Common Synthetic Plastics

Only available on StudyMode
  • Download(s) : 97
  • Published : August 5, 2012
Open Document
Text Preview
COMMON SYNTHETIC PLASTICS
      
INRODUCTION
Plastic molecules are made of long chains of repeating units called monomers. The atoms that make up a plastic’s monomers and the arrangement of the monomers within the molecule both determine many of the plastic’s properties.                                                                                                              Plastics  are one of the classification of polymers     .If a polymer is shaped into hard and tough utility articles  by the application of heat and pressure ,it is used as  “plastic”.

Synthetic polymers are often referred to as "plastics", such as the well-known polyethylene and nylon. However, most of them can be classified in at least three main categories: thermoplastics, thermosets and elastomers.  

Man-made polymers are used in a bewildering array of applications: food packaging, films, fibers, tubing, pipes, etc. The personal care industry also uses polymers to aid in texture of products, binding etc.  

Examples  
A non-exhaustive list of these ubiquitous materials includes: acrylonitrile butadiene styrene (ABS)
polyamide (PA)
polybutadiene
poly(butylene terephthalate) (PBT)
polycarbonate
poly(ether sulphone) (PES, PES/PEES)
polyethylene (PE)
poly(ethylene glycol) (PEG)
poly(ethylene terephthalate) (PET)
polyimide
polypropylene (PP )
polystyrene (PS)
styrene acrylonitrile (SAN)
polyurethane (PU)
polyvinylchloride (PVC)
 
SOME COMMONLY  USED SYNTHETIC PLASTICS
After the First World War, improvements in chemical technology led to an explosion in new forms of plastics. Among the earliest examples in the wave of new plastics were "polystyrene" (PS) and "polyvinyl chloride" (PVC), developed by the I.G. Farben company of Germany.  

POLYVINYL  CHLORIDE  (PVC
Polyvinyl chloride (PVC) is a widely-used plastic. In terms of revenue generated, it is one of the most valuable products of the chemical industry. Globally, over 50% of PVC manufactured is used in construction. As a building material PVC is cheap, and easy to assemble. In recent years, PVC has been replacing traditional building materials such as wood, concrete and clay in many areas. Despite appearing to be an ideal building material, PVC has high environmental and human health costs.                                                                                                                                               PVC has side chains incorporating chlorine atoms, which form strong bonds. PVC in its normal form is stiff, strong, heat and weather resistant, and is now used for making plumbing, gutters, house siding, enclosures for computers and other electronics gear, and compact-disk media. PVC can also be softened with chemical processing, and in this form it is now used for food packaging, and raingear.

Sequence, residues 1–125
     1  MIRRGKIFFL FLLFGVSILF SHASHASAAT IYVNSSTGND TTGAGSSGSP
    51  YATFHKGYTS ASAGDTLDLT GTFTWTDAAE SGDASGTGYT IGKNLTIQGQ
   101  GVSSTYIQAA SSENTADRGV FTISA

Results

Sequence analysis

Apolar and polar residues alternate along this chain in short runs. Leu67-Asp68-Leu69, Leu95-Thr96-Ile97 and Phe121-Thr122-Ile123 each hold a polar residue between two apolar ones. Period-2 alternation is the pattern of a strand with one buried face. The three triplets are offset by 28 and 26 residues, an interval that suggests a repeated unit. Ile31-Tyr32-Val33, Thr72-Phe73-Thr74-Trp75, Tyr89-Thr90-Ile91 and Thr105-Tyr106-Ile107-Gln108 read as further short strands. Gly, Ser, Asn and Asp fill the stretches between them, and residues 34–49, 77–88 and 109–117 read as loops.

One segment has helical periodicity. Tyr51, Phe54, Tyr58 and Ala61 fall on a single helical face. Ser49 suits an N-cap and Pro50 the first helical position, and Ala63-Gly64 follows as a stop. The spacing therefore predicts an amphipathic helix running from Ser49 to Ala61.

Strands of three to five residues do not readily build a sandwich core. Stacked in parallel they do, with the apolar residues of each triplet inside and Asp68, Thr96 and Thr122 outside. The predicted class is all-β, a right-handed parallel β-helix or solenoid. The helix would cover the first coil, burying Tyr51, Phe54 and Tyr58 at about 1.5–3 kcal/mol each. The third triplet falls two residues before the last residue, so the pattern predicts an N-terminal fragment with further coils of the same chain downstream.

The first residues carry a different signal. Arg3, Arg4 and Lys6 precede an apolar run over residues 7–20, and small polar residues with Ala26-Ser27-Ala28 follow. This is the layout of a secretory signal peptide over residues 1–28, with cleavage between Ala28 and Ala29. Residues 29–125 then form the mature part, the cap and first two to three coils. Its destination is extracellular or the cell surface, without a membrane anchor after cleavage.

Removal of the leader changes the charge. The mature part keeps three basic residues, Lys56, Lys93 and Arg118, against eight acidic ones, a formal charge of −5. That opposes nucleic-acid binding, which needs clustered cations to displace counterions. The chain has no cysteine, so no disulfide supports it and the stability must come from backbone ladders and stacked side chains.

History
 
Polyvinyl chloride was accidentally discovered on at least two occasions in the 19th century, first in 1838 by Henri Victor Regnault and in 1872 by Eugen Baumann. On both occasions, the polymer appeared as a white solid inside flasks of vinyl chloride that had been left exposed to sunlight. In the early 20th century, the Russian chemist Ivan Ostromislensky and Fritz Klatte of the German chemical company Griesheim-Elektron both attempted to use PVC in commercial products, but difficulties in processing the rigid, sometimes brittle polymer blocked their efforts.  

In 1926, Waldo Semon of B.F. Goodrich developed a method to plasticize PVC by blending it with various additives. The result was a more flexible and more easily processed material that soon achieved widespread commercial use. .

 
Dangers of PVC
Most vinyl products are believed to be generally harmless when used properly. However, some of the additives and softeners leach out of certain vinyl products. Even though soft PVC toys have been made for babies for years, studies find that these additives leach out of soft toys into the mouths of the children chewing on them.. In Europe,...
tracking img